While the mainstream media and others want to persuade us that democracy is dying in darkness and that disaster lurks on the horizon, everything is actually getting better.
Something of enormous global significance is happening almost without notice. For the first time since agriculture-based civilization began 10,000 years ago, the majority of humankind is no longer poor or vulnerable to falling into poverty. By our calculations, as of this month, just over 50 percent of the world’s population, or some 3.8 billion people, live in households with enough discretionary expenditure to be considered “middle class” or “rich.” About the same number of people are living in households that are poor or vulnerable to poverty. So September 2018 marks a global tipping point. After this, for the first time ever, the poor and vulnerable will no longer be a majority in the world. Barring some unfortunate global economic setback, this marks the start of a new era of a middle-class majority.Of course there is plenty to dispute about exact definitions of poverty and middle-class but the trend line is obvious. The more we have representative democracies married with market economies, the more prosperous everyone becomes.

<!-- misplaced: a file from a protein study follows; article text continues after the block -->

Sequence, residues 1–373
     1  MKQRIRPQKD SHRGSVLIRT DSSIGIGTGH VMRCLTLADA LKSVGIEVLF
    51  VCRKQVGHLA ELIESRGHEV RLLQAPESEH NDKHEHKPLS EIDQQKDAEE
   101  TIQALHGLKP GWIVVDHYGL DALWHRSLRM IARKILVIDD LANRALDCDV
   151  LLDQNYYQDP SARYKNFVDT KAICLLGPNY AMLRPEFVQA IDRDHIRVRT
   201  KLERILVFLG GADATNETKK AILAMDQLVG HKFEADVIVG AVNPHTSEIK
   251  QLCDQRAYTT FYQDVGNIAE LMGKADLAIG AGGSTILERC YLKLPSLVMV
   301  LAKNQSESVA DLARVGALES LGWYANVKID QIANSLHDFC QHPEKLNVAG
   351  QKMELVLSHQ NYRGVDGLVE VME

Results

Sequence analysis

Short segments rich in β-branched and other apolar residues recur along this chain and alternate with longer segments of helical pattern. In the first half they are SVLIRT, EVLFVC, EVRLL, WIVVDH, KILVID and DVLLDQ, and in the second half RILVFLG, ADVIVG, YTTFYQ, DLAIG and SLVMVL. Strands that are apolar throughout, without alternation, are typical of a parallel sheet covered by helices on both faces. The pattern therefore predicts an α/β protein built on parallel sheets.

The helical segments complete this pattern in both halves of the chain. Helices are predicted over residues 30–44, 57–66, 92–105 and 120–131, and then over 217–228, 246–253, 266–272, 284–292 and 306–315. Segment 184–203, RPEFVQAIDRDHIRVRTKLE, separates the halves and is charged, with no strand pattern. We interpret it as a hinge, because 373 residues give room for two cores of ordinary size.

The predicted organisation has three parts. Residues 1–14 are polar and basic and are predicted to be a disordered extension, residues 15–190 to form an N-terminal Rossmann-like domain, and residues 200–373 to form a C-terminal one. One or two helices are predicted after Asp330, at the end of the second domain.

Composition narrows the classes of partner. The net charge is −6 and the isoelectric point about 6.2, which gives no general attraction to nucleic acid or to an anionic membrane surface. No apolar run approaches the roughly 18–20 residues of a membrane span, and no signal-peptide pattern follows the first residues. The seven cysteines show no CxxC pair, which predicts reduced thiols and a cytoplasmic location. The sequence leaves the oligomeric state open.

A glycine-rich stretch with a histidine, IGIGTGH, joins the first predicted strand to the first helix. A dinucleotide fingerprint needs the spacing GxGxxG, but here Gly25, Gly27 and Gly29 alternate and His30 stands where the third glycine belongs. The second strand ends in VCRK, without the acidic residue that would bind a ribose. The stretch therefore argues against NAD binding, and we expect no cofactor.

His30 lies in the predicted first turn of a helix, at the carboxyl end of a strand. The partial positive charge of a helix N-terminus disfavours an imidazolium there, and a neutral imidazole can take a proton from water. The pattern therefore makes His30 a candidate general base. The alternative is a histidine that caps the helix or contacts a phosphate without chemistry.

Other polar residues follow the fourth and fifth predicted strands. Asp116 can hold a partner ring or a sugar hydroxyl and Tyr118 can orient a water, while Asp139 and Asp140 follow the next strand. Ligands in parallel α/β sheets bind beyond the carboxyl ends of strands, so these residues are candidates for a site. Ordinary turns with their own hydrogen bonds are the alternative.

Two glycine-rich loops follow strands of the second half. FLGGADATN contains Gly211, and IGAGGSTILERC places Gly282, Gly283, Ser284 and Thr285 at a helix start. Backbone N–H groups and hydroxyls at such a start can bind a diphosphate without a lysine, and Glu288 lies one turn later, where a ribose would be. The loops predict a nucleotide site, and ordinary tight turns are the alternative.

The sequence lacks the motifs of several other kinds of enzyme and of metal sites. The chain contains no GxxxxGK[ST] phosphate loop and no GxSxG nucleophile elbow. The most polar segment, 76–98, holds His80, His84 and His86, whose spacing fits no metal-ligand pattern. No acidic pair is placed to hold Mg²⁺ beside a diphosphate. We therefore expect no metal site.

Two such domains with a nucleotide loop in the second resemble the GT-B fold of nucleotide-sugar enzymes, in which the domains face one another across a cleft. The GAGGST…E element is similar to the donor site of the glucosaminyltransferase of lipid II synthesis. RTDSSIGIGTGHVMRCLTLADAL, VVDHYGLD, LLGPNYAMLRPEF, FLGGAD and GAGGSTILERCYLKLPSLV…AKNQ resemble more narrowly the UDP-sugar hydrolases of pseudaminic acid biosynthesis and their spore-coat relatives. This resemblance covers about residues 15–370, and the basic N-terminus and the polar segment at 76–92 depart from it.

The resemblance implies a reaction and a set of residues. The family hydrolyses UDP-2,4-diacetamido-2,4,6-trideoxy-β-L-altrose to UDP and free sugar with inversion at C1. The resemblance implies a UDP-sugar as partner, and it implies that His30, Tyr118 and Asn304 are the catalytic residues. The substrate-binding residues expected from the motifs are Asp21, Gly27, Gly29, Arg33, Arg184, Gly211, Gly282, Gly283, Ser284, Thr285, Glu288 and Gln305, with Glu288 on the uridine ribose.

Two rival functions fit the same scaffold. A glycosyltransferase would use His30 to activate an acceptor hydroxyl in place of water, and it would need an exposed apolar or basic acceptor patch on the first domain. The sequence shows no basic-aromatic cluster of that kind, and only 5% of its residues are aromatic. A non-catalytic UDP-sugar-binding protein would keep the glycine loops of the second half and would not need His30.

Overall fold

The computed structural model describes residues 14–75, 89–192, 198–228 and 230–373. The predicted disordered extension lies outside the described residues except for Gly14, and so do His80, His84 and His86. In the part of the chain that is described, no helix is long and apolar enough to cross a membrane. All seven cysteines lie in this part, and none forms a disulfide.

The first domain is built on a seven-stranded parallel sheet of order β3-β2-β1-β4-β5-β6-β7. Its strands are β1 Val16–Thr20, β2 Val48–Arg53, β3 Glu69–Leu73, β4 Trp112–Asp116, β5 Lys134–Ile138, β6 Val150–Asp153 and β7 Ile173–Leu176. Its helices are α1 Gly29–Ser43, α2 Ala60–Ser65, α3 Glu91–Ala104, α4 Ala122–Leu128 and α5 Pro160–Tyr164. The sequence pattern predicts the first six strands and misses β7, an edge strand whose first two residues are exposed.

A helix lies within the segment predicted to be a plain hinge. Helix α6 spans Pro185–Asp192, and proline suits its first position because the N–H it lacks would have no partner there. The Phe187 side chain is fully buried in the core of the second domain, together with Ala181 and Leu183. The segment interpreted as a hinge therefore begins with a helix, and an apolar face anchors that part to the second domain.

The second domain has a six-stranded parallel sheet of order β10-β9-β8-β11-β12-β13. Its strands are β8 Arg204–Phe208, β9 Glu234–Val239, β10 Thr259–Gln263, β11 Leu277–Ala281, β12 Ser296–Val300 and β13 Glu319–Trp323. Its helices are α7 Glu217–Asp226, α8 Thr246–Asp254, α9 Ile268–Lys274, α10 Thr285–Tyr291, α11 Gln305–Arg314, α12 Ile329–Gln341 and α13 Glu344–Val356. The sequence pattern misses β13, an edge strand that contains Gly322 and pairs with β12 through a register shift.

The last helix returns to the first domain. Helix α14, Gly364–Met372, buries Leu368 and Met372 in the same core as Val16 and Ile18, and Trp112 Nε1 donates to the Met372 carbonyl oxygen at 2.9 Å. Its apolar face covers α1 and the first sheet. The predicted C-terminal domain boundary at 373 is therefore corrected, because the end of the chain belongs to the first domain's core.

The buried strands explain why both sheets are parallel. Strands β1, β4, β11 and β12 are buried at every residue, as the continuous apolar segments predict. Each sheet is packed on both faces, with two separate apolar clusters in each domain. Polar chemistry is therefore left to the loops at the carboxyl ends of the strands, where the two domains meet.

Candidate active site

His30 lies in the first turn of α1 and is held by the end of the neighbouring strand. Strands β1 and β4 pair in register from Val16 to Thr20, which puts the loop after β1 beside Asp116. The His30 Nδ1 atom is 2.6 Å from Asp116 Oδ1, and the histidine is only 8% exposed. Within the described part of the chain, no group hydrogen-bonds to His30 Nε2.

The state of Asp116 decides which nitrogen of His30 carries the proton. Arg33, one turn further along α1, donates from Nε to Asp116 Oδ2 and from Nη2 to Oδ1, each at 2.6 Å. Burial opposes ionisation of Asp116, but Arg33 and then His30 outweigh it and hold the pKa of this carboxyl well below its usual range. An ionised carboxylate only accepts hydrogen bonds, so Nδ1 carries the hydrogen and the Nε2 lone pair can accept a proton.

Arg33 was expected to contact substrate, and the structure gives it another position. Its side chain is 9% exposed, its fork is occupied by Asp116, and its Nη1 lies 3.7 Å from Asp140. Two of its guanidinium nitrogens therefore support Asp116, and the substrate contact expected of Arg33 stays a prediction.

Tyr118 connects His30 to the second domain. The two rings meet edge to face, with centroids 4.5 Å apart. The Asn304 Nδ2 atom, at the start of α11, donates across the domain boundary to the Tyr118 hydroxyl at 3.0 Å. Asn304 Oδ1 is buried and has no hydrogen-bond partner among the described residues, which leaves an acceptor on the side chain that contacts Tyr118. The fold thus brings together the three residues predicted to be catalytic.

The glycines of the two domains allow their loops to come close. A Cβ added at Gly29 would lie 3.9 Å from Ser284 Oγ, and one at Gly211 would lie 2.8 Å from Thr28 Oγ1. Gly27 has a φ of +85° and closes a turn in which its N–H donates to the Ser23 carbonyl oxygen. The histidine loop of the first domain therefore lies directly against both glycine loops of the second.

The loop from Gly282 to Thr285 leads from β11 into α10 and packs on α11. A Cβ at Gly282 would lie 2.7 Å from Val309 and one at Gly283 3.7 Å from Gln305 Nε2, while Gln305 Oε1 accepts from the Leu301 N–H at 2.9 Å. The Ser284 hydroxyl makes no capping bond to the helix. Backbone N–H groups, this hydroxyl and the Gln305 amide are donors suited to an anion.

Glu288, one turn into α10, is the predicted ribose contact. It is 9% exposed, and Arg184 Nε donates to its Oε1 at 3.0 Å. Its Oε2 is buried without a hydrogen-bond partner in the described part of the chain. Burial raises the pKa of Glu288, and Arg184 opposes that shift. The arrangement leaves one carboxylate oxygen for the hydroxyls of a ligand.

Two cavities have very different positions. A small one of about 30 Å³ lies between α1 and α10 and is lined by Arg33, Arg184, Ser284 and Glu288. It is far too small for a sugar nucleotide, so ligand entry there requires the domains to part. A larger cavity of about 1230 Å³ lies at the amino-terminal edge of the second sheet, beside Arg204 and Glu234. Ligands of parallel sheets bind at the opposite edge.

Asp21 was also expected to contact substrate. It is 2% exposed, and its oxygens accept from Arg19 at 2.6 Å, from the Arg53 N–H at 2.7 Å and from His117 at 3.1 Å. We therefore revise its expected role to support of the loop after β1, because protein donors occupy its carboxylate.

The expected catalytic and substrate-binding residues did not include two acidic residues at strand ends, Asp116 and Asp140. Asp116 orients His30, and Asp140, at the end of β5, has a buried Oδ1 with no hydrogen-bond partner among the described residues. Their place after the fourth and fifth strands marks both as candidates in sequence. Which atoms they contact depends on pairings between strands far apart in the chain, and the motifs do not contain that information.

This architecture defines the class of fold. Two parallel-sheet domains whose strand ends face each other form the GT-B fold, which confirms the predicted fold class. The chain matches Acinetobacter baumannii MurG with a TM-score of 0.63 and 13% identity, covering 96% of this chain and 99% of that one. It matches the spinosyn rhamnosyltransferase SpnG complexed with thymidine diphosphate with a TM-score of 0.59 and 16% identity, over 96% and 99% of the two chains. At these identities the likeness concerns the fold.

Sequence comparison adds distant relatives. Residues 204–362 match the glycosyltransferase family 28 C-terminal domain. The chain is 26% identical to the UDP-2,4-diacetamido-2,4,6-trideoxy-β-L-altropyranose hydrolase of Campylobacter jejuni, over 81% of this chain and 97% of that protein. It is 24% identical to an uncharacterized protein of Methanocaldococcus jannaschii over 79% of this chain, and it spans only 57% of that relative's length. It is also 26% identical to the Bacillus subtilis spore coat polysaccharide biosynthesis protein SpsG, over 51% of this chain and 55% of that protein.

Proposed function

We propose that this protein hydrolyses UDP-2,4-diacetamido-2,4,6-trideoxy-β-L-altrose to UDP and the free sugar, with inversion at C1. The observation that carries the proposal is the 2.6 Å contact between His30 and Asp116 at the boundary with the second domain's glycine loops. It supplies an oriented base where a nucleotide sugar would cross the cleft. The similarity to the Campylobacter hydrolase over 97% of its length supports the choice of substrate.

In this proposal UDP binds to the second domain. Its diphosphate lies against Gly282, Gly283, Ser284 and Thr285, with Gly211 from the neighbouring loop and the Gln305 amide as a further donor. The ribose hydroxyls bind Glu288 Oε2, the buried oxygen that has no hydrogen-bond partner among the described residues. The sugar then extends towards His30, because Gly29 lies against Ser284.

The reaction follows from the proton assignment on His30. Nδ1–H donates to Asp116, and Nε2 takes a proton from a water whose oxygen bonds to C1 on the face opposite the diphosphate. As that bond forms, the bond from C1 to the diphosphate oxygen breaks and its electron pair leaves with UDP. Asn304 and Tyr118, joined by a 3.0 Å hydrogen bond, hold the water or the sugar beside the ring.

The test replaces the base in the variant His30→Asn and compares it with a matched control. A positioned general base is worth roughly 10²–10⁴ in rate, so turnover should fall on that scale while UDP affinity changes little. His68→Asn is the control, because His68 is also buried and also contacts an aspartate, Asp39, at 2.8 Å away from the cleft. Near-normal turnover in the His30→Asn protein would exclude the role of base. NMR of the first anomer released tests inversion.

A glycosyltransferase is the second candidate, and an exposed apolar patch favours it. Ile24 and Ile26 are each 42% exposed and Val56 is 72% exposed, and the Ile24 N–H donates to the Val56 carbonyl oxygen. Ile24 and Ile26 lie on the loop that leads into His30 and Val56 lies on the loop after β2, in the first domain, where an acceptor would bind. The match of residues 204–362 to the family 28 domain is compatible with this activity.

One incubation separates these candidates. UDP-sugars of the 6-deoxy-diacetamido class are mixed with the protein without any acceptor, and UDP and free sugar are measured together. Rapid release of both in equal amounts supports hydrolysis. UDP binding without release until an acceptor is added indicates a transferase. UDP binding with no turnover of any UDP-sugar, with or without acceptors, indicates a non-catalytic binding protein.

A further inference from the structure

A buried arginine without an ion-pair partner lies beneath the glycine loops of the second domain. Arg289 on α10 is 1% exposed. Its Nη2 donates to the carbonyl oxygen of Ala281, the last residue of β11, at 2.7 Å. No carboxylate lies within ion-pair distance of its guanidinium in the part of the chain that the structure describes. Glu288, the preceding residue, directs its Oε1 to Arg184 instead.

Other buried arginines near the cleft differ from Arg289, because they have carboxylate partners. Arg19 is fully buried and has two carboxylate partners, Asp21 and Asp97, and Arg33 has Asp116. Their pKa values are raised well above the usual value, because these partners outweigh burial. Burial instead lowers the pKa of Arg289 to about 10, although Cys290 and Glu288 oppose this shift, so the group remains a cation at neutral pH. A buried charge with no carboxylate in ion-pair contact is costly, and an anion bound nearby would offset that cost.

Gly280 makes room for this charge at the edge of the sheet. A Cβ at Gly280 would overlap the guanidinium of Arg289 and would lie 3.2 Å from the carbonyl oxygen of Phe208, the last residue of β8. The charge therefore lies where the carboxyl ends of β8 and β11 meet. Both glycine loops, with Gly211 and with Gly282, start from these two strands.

We make these claims based on a classification of households into those in extreme poverty (households spending below $1.90 per person per day) and those in the middle class (households spending $11-110 per day per person in 2011 purchasing power parity, or PPP). Two other groups round out our classification: vulnerable households fall between those in poverty and the middle class; and those who are at the top of the distribution who are classified as “rich.”
This comes close on the heals of circa 2009 when we crossed the threshold of the majority of the population now living in cities rather than in rural areas.